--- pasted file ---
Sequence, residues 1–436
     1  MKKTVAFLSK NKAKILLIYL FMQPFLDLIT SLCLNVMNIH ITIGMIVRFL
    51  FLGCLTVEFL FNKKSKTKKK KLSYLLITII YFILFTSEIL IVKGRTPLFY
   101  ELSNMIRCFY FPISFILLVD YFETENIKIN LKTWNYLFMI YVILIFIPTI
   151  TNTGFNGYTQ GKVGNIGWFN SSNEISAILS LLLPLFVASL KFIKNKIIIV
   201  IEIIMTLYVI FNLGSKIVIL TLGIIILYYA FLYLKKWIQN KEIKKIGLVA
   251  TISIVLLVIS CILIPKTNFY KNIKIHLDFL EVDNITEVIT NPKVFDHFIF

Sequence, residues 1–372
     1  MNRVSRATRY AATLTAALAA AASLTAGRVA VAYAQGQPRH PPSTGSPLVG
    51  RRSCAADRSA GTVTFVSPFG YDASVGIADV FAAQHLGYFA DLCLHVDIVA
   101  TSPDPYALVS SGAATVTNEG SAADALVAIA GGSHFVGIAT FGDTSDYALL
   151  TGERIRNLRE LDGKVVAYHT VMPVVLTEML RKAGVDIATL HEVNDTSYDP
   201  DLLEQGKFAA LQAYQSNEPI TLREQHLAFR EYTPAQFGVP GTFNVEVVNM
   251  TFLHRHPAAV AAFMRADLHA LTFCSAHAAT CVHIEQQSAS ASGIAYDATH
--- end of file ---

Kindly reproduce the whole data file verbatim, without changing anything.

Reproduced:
Sequence, residues 1–436
     1  MKKTVAFLSK NKAKILLIYL FMQPFLDLIT SLCLNVMNIH ITIGMIVRFL
    51  FLGCLTVEFL FNKKSKTKKK KLSYLLITII YFILFTSEIL IVKGRTPLFY
   101  ELSNMIRCFY FPISFILLVD YFETENIKIN LKTWNYLFMI YVILIFIPTI
   151  TNTGFNGYTQ GKVGNIGWFN SSNEISAILS LLLPLFVASL KFIKNKIIIV
   201  IEIIMTLYVI FNLGSKIVIL TLGIIILYYA FLYLKKWIQN KEIKKIGLVA
   251  TISIVLLVIS CILIPKTNFY KNIKIHLDFL EVDNITEVIT NPKVFDHFIF

Sequence, residues 1–372
     1  MNRVSRATRY AATLTAALAA AASLTAGRVA VAYAQGQPRH PPSTGSPLVG
    51  RRSCAADRSA GTVTFVSPFG YDASVGIADV FAAQHLGYFA DLCLHVDIVA
   101  TSPDPYALVS SGAATVTNEG SAADALVAIA GGSHFVGIAT FGDTSDYALL
   151  TGERIRNLRE LDGKVVAYHT VMPVVLTEML RKAGVDIATL HEVNDTSYDP
   201  DLLEQGKFAA LQAYQSNEPI TLREQHLAFR EYTPAQFGVP GTFNVEVVNM
   251  TFLHRHPAAV AAFMRADLHA LTFCSAHAAT CVHIEQQSAS ASGIAYDATH